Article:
An interview with my pediatric cardiologist husband, Kirk Milhoan, MD, PhD, FAAP, FACC
Doctors and scientists are struggling with terminology related to the covid-19 “vaccinations.” Using the term “vaccine” implies the traditional vaccine mechanism of action, where an antigen is introduced to which the body produces a desired antibody response. All four of the currently available covid-19 “vaccines” (Pfizer, Moderna, Johnson and Johnson, and Astra-Zeneca) involve the injection of genetic material which results in the cells of the body producing a protein to which the body then produces antibodies. We believe that use of the traditional terminology causes misunderstanding. Given their entirely different mechanism of action and thus different risk profile from traditional vaccines, the covid-19 “vaccination” products will be referred to with quotation marks in this essay.
Dr. Kirk Milhoan’s biography can be found here.
What patients have you recently personally cared for with manifestations likely related to the covid-19 “vaccinations”?
A 14-year-old previously healthy male, 1 day after second vaccination, presented with severe bradycardia (heart rate under 60). His heart rate was in the 20s. He required overnight intensive care unit (ICU) admission for observation. (Another author’s note: as an anesthesiologist, the most common manifestation I observe in the previously “vaccinated” against covid-19 is abnormal heart rhythm.)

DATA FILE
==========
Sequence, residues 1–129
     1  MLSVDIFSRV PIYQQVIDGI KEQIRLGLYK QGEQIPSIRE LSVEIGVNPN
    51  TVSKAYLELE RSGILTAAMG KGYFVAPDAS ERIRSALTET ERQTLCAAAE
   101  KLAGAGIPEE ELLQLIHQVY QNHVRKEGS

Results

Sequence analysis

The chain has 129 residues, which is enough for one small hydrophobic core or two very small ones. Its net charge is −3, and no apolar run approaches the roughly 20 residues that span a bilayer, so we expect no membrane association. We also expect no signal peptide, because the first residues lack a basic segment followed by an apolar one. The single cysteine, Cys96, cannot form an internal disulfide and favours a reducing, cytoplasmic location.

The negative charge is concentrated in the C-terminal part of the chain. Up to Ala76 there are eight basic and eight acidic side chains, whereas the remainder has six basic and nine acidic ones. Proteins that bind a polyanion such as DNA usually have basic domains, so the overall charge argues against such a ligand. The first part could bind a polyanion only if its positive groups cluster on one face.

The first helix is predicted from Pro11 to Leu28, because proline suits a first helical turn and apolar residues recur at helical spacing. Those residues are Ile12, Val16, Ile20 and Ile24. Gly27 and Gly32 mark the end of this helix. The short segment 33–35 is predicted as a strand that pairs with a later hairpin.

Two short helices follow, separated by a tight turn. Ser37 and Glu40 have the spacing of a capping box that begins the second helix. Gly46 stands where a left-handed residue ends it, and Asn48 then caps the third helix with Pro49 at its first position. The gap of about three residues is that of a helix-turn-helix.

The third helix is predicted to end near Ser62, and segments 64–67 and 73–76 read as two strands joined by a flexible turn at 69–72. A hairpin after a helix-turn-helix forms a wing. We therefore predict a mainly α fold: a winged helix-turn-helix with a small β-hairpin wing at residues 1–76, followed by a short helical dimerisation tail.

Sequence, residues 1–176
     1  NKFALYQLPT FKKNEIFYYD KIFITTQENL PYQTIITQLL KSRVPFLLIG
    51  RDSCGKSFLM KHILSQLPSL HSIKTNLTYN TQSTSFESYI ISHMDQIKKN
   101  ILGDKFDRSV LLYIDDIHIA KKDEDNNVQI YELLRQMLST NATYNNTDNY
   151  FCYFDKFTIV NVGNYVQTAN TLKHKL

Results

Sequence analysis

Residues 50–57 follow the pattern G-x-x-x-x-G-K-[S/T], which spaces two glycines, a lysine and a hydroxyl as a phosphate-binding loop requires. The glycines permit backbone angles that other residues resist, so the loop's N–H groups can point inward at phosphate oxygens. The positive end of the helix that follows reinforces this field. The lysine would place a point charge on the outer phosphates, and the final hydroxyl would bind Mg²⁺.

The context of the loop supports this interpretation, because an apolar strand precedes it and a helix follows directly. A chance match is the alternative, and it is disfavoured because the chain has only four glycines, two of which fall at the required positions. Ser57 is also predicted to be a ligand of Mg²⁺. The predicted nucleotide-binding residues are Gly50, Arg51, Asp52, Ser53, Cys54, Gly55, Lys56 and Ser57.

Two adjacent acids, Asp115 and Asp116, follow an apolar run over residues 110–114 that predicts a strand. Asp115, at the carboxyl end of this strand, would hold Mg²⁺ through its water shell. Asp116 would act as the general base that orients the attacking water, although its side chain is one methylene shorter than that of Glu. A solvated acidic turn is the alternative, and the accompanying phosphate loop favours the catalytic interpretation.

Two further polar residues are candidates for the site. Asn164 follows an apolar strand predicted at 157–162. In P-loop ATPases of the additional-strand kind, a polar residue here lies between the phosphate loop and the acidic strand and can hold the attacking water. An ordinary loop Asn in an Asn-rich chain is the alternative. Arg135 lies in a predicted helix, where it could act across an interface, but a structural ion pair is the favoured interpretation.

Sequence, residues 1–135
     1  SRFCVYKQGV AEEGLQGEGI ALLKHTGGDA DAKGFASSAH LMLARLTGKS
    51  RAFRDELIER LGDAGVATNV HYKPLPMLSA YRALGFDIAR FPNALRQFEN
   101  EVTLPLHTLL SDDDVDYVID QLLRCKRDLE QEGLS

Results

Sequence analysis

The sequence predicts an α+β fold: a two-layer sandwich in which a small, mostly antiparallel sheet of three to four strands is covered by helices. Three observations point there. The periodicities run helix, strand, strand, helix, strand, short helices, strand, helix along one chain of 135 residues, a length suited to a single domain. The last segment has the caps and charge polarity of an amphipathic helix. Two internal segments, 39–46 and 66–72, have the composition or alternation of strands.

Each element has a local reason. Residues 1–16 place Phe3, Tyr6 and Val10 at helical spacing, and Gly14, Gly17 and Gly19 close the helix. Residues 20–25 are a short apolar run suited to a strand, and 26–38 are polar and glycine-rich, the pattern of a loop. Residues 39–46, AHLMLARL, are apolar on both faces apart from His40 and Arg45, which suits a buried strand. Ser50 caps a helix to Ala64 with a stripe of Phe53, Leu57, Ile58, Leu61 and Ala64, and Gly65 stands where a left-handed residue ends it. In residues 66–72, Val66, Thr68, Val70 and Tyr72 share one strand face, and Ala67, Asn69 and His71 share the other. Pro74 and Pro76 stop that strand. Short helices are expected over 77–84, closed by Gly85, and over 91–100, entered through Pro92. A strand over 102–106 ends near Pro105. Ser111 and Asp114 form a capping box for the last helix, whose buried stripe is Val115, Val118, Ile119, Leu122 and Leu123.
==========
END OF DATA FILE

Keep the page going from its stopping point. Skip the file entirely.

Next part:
A 15-year-old male who had covid-19 in December and two vaccinations (he didn’t recall specific timing) was admitted with severe chest pain and bradycardia (heart rate 35-50). His troponin (marker of cardiac damage, found on laboratory blood analysis) level was 22,000 on admission. EKG and echocardiogram (ultrasound of the heart) were normal. His troponin level increased to 48,000 within six hours. Cardiac MRI revealed severe segmental myocarditis.
A 25-year-old male with Duchenne’s muscular dystrophy with known mildly decreased left ventricular function presented to the emergency room within 48 hours after his booster. Within twelve hours after his booster, he went to sleep for 30 continuous hours. Echocardiogram after his hospital admission demonstrated severely decreased cardiac function. His troponin level was initially 3600, decreased to 2600, and then increased again to 2800. He required a 5-day ICU stay. Given his underlying medical condition, his prognosis is very likely poor.
What is myocarditis or pericarditis?
Understanding of terminology is useful:
“myo” refers to muscle;
“card” refers to the heart;
“peri” implies “around”;
“itis” refers to inflammation.
Myocarditis means inflammation of the heart muscle and pericarditis means inflammation of the lining around the heart.
Is there such a thing as mild myocarditis?
As cardiologists, we attempt to qualify the amount of damage to the heart muscle, so we do use descriptors such as “mild,” “moderate,” or “severe,” based on objective criteria, such as ejection fraction or size of the cardiac chambers observed on echocardiogram. For a patient or family, however, an admission to an intensive care unit with even “mild” myocarditis is not a “mild” clinical experience. Also, inflammation of the heart muscle can lead to long-term scarring, so even “mild” damage has potentially long-term implications.
Can SARS CoV-2 infection cause myocarditis or pericarditis?